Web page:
Consistency in environment

In the beginning stages of learning, it can be very important to have a consistent training environment. Consistency in your training environment minimizes external variables which could be distracting or could influence your dog’s attention or learning. 

Since the “cue” which your dog learns actually contains a number of factors including tone of voice, body language and anything else which may be consistently occurring in the environment immediately prior to the behavior being performed, it can hasten learning if your environment remains consistent at first. 

When training, your objective should be to control as many antecedents as possible. An antecedent is any stimuli which occur or appear right before a behavior is exhibited. By controlling the antecedents in your dog’s environment, especially in the beginning stages of learning, you can set them up for success by minimizing the chances that they will make a mistake. Once your dog understands your cue and the expected behavior, you can systematically begin working with them in other environments which will enable them to generalize any desired behaviors.

Why is consistency in dog training important?

Consistency in dog training is crucial for dog training success because it sets expectations and allows a dog to learn at the pace which is best for them. As previously noted, learning does not occur in a linear fashion. If you stop working with a dog because you don’t feel that they are making enough progress, there is a good chance that you will miss one of the “eureka!” moments which accompanies the natural learning process. Dogs, like many other species, are always learning. Learning does not immediately equate to action or a change in behavior, because many things need to occur in the brain before an animal demonstrates consistent physical responses. 

If you are following a specific training protocol or plan and you are seeing gradual progress, it is likely worth maintaining even if results don’t seem to be happening as quickly as you’d like. Unfortunately, there has been an influx in dog trainers releasing video content demonstrating dogs during their ‘before’ and ‘after’ stages. These videos can make it seem like progress occurred rapidly and like you are doing something incorrectly if you’re not seeing rapid progress too. In reality, many of these behaviors required many intermediate stages and quite a bit of time and dedication to accomplish.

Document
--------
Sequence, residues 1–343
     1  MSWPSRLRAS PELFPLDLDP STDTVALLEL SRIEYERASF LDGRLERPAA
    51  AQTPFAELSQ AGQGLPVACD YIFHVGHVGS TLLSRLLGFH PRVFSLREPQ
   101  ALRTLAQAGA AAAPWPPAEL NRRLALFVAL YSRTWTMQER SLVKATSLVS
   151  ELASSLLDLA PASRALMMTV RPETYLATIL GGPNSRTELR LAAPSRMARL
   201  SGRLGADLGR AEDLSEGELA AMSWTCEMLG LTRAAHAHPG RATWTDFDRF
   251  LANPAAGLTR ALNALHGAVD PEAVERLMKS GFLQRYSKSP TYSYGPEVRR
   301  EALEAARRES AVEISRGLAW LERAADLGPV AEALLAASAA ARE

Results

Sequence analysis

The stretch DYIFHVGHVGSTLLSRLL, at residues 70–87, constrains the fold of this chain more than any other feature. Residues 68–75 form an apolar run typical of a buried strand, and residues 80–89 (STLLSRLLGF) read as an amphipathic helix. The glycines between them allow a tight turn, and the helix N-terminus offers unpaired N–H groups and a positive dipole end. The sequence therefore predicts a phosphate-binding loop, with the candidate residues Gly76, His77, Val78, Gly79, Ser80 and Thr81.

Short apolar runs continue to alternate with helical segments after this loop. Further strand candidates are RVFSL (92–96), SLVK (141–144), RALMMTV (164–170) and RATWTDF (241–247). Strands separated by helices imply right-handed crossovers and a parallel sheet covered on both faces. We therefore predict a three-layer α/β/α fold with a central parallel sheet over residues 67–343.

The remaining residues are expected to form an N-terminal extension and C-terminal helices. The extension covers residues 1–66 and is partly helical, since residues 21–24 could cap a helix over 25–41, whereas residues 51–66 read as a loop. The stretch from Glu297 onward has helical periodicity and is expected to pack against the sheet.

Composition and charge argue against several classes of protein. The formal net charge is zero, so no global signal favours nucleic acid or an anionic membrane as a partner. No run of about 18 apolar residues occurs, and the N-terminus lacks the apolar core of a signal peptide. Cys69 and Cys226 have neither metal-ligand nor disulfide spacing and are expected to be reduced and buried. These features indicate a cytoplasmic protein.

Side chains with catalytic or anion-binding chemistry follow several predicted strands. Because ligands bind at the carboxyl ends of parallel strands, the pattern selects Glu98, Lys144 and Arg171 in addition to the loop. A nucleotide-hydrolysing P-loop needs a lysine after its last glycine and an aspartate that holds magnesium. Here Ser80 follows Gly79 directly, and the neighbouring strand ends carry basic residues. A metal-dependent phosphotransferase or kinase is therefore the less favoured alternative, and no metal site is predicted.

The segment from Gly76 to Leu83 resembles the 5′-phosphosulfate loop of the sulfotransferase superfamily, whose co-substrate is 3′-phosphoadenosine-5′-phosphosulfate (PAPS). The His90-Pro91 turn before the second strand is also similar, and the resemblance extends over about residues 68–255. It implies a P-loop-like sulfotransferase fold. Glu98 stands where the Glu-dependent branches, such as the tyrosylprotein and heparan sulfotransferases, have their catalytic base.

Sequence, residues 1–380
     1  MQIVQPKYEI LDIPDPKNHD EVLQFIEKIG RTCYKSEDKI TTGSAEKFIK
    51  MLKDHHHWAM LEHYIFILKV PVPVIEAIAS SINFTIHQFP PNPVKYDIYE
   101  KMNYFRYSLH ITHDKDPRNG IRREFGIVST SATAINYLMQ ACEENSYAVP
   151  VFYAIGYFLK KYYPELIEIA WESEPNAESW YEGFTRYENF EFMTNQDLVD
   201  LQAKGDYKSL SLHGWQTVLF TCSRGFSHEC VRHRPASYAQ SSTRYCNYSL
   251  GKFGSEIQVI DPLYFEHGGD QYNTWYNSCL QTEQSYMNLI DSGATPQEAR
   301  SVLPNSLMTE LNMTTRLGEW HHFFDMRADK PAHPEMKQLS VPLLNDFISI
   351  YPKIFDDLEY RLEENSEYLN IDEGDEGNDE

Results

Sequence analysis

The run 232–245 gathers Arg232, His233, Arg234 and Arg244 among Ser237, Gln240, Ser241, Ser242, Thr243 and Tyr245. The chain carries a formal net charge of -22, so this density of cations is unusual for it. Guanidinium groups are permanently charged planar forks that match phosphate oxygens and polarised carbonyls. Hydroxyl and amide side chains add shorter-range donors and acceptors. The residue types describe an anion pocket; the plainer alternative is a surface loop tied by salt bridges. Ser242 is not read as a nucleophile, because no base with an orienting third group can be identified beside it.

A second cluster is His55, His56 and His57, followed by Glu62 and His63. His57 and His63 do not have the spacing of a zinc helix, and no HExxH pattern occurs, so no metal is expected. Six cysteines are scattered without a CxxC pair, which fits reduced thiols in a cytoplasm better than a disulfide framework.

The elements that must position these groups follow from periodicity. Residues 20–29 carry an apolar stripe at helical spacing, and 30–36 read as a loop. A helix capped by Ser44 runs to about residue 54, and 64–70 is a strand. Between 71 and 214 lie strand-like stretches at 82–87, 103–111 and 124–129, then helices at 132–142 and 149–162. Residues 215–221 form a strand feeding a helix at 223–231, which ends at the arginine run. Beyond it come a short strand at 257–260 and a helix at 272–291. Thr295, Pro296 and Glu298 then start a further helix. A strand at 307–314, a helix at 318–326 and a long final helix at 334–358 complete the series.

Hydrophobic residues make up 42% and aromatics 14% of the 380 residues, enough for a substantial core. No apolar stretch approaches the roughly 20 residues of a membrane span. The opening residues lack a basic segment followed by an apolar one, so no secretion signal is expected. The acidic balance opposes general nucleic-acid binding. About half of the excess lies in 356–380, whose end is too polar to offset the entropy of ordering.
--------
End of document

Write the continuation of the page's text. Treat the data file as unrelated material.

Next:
If you find yourself constantly switching techniques because you don’t feel as though progress is occurring quickly enough, you will likely find that the dog begins appearing frustrated, rebellious, disinterested or unmotivated. Confusion often accompanies frequent switching of protocols when trying to train one specific behavior. Even though it may not be obvious to us, many protocols contain aspects which conflict with other protocols. Since a dog who is still learning does not yet understand the desired outcome, conflicts in training techniques will sabotage progress and frustrate your dog. 

How can I make my dog training more consistent?

Now that we understand the nuances of consistency in dog training and why it is important, we can cover how to implement improved consistency within your own dog training strategies. Consistency is imperative for success, and by focusing on each individual aspect of your training strategy and making concrete decisions regarding the best way to optimize each of these factors, you can avoid the inconsistency that accompanies indecisiveness. 

Take a look at all of the factors mentioned previously: schedule, cues, strategy, expectations and environment. Visualize what you want them to look like, and then write that vision down. It is important to be realistic and patient, and to look for small signs of improvement instead of significant leaps forward.

Make dog training a priority – even if you can only offer five minutes per day to your dog’s learning, add that to your schedule and stick to it. Five minutes per day is more than 150 minutes per month, and more than 1,800 minutes per year. Think of how much you could accomplish with your dog in 1,800 minutes! 

Just like with any longterm goal, you must be able to break the final result into many smaller parts. If you want to achieve maximum consistency in your dog training, understanding what these “smaller parts” look like and striving for small wins instead of huge triumphs will help you feel happier with your progress. Ultimately, this approach will result in optimal long-term outcomes.

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Synapse Canine Learning Center provides its clients with a comprehensive approach to understanding their dog’s behavior and how to most effectively reach their dog training goals.